WESTCHESTER COUNTY, N.Y. -- Single-family home sales rose 10.4 percent in the first quarter of 2016 in Westchester County as the market stayed steady, driven by the influx of millennials and first-time homebuyers into the marketplace.
Westchester Real Estate Inc.’s first quarter report showed overall sales were up 13.2 percent compared to the first quarter in 2015. Co-op sales jumped 16.9 percent and condominium sales rose 14.3 percent.
The increased activity was tempered by a decrease in single family home pricing. The price for a single family home in Westchester County fell 4.6 percent compared to the first quarter in 2015, according to the report. The median single-family home price was $569,950, down from $595,500 in the first quarter of 2015. In the last quarter of 2015, the median single family home price was $676,500.
“The market feels good this spring, buyer activity is very strong,’’ said Gail Fattizzi, Executive Director of Westchester Real Estate, Inc. “Inventory seems to be picking up. I wasn’t expecting sales to increase that much, because it felt like inventory was tight. The number seemed stronger than I anticipated.”
Single family home sales in Northern Westchester were varied. Sales rose 63 percent in Somers, and 78 percent in Bedford. But sales fell dramatically in Chappaqua (46 percent) and Byram Hills (39 percent). Sales in North Salem grew 10 percent.
The median sale price for a single family home fell 21 percent in the Northern Westchester region, led by a 28 percent dip in Somers and 27 percent declines in Bedford and North Salem. Home prices in Chappaqua rose 1 percent.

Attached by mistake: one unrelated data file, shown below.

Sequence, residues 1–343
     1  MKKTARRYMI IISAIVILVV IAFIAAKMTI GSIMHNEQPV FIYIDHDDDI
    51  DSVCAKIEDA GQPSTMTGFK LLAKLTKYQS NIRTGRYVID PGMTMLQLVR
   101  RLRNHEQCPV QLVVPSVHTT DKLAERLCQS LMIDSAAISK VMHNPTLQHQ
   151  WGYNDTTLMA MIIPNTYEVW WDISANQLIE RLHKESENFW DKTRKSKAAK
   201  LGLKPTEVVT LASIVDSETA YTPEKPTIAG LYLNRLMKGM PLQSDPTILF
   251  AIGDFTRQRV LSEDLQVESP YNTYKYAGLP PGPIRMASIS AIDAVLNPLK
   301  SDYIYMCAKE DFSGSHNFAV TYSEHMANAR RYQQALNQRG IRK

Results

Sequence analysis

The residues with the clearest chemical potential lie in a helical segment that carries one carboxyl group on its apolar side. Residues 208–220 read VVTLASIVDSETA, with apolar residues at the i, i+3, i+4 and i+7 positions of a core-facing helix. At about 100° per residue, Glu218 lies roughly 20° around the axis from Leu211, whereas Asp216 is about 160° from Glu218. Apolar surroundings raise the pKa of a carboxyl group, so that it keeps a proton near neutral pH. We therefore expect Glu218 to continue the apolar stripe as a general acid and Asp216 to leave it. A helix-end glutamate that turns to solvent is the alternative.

Barry Graziano, brokerage manager for Houlihan Lawrence in Armonk, Chappaqua and Croton, finds buyers are willing to wait to purchase the perfect home. “We’re getting a lot of showings,’’ he said. “People are looking at every level. But they want more than 100 percent and they’re not making exceptions. If the houses are not updated and pristine, they’ll wait until they find something they love.”
The real estate mantra forever has been “location, location, location,’’ Graziano said. That seems to be changing as buyers now want value.
“I’m seeing some buyers pass up a home because they want a new kitchen,’’ he said. “They want that instant gratification. They will pay more for a house that is turn key than a house in a better location that requires some work.”
“Today’s buyers are saying if ‘I’m going to spend that much money, I want it perfect,’’’ Fattizzi added.
Sales of 2-4 family homes rose 21.8 percent in the first quarter, according to the Westchester Real Estate report.
Both real estate experts expect the momentum to continue through the second quarter, and perhaps beyond.
“Overall, every indicator for 2016 points to continued strength and cause for optimism,’’ Fattizzi said.
“Based on what we’ve seen, we’ll have another very active year,’’ Graziano said.See Attachment
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